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Ramping Up on Flash MX 2004 and ActionScript 2.0

Ramping Up on Flash MX 2004 and ActionScript 2.0

I could not be more excited about the release of Flash MX 2004 and the new ActionScript 2.0. This new version of ActionScript has taken a huge leap in standardizing a more object-oriented programming structure to its syntax and has given the developer the ability to catch many more errors at compile time than in ActionScript 1.0.

For many developers, this advancement will help increase development time and quality of code. Some of the language's feature enhancements include strong data typing, a more standard way of class declarations, inheritance, interfaces, packages, and error handling.

Before I go into the new features of ActionScript 2.0, let's investigate some of the sources to the core classes that get installed. On my computer they are located in [installation dir]/Macromedia Flash MX 2004/First Run/Classes/. Looking at these real-world examples is an invaluable source for research and development. Though I would caution not to change these files, you may even consider doing a backup of this folder first.

The help files that can be accessed from the main menu under "Help" within Flash MX 2004 contain some good information on creating classes, and cover the new language features in an incremental manner. So I did not want to do a rehash of that here. Instead, I want to cover the new adjustments that I needed to make in order to begin coding with the new Flash MX 2004 environment and ActionScript 2.0 language.

Ramping up on the new features and getting comfortable with all of the IDE and language changes was actually a larger task than I expected. In the first place, there are many new ways that you can approach an application in Flash MX 2004. For instance, you can create a Flash Document, Flash Slide Presentation, Flash Form Application, or Flash Project (note: Flash Slide Presentation, Flash Form Application, and Flash Project are available only in Flash MX Professional 2004).

The Flash Slide Presentation and Flash Form Application are options that allow you to work on an application that's similar to a Visual Basic IDE, where you would organize your work into logical screens (forms). Although I intend to investigate this new way of developing Flash applications, I did not start here. A Flash Project is a great tool. By creating a Flash Project you attach relevant files, which allows for quick access and organization with external files (see Figure 1). The Flash Document is in Flash MX 2004 and Professional edition and is the most similar to the method used to develop in Flash MX.

 

Before I started my application, I needed to understand some differences between ActionScript 1.0 and 2.0. First, which player supports 2.0? Flash Player 6 and 7 both support ActionScript 2.0, but Flash Player 6 is missing some features like try/catch error handling and others. However, in general, Flash Player 6 supports the core of ActionScript 2.0. This is a good thing, because it will take awhile for general users to upgrade to Flash Player 7 and corporate IT managers to approve a company-wide change.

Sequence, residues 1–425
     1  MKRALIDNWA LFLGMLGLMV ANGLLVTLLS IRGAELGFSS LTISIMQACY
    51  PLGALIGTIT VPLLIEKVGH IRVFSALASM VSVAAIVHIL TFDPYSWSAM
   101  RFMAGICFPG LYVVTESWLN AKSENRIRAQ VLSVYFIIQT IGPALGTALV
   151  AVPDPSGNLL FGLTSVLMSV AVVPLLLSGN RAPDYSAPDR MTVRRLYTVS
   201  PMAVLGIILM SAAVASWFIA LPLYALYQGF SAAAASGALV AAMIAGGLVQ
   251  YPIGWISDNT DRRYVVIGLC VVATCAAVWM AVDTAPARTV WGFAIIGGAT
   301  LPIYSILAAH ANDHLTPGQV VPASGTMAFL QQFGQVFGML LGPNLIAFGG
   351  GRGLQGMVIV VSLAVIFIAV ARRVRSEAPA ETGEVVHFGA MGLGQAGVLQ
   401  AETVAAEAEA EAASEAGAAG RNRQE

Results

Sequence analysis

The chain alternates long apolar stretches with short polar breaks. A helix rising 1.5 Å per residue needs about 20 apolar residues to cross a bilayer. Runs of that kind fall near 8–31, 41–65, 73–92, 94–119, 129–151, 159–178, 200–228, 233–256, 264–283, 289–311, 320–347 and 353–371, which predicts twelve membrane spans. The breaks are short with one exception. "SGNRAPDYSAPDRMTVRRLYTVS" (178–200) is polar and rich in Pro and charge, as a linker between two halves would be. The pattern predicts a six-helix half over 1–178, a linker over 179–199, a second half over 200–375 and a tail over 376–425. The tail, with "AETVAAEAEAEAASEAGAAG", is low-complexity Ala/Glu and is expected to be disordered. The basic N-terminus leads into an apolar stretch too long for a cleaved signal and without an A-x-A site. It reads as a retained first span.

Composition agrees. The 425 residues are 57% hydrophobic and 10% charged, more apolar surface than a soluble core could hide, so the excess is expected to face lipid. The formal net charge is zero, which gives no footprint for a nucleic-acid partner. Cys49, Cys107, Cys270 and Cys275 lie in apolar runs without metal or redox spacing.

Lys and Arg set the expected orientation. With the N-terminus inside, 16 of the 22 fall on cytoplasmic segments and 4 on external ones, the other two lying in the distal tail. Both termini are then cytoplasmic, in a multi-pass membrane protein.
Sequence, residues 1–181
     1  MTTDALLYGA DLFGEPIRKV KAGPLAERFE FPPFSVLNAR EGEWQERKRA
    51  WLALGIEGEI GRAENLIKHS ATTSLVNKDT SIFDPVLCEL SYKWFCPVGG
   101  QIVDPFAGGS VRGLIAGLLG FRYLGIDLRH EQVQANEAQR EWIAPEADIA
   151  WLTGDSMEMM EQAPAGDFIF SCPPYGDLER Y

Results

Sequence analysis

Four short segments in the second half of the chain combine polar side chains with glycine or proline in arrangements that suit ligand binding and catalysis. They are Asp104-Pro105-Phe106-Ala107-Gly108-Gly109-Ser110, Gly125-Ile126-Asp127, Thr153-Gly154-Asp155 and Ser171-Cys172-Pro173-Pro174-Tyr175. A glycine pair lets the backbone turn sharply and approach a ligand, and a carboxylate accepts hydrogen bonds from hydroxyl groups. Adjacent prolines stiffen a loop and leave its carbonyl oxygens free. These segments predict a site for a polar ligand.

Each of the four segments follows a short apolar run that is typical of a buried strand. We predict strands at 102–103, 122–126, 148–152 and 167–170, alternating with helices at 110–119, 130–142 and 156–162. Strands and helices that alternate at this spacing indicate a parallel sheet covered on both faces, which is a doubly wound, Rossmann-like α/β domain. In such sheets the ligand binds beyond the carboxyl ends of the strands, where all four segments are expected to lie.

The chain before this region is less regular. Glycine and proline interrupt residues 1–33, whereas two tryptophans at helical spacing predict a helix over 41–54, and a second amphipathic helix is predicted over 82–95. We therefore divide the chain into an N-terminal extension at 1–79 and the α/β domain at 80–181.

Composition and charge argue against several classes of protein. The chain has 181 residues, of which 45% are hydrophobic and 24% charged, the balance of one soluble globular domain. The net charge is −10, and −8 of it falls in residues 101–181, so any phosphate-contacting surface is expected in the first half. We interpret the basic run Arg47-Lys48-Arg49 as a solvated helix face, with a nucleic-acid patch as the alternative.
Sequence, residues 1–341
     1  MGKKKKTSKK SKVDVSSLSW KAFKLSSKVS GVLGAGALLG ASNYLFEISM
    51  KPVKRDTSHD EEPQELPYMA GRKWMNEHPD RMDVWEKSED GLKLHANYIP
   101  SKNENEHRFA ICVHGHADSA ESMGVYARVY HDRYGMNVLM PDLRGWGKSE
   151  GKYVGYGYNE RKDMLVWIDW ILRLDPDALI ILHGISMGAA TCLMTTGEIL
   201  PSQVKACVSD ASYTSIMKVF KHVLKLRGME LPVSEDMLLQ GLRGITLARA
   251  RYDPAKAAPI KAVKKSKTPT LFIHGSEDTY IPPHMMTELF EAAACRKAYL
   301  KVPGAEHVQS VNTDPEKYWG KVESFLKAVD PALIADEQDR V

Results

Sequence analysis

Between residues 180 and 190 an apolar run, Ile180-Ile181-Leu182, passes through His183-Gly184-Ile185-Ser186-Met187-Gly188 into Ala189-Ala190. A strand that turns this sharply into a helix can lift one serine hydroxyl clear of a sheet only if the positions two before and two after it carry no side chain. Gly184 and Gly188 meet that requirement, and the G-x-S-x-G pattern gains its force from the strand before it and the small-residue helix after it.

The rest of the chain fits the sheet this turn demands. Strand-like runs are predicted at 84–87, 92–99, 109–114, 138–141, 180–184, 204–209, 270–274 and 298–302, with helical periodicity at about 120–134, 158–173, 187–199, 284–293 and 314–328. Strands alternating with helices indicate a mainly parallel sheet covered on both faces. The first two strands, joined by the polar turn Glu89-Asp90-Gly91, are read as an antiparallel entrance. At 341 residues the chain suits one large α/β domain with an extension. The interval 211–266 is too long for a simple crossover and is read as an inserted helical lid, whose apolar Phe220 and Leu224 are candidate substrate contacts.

Next, I began to look at the syntactic differences. The first thing I saw was the strict data typing of variables. Now you can declare variables with a type as follows:

[var] variableName:[type]

example:
// declaring a string variable
var myString:String = "test";

// declaring a variable from an object I defined
var myObj:MyObject = new MyObject();

When declaring variables you start with the keyword "var", then put the variable name followed by a ":" and a type, which is any native data type or a class or interface you have defined. One thing I have left out in this example is the ability to add scope to your variable definition. I will be addressing this topic later in the article.

Strict data typing is a very big change for ActionScript developers, and I am aware that some developers will be adverse to this change, but in the long run, the headaches solved by this new rule will outweigh the effort that was needed to implement it. For example, if you use a variable incorrectly, the compiler tells you. Think about the power of this in the scope of day-to-day development and how much debugging time will be saved. To illustrate, try adding a number and a string (see Figure 2).

 

In the previous version of Flash MX, the compiler would continue to compile without warnings or breaking. Now, you'll get the following error:

**Error** Scene=Scene 1, layer=Layer 1, frame=1:Line 4: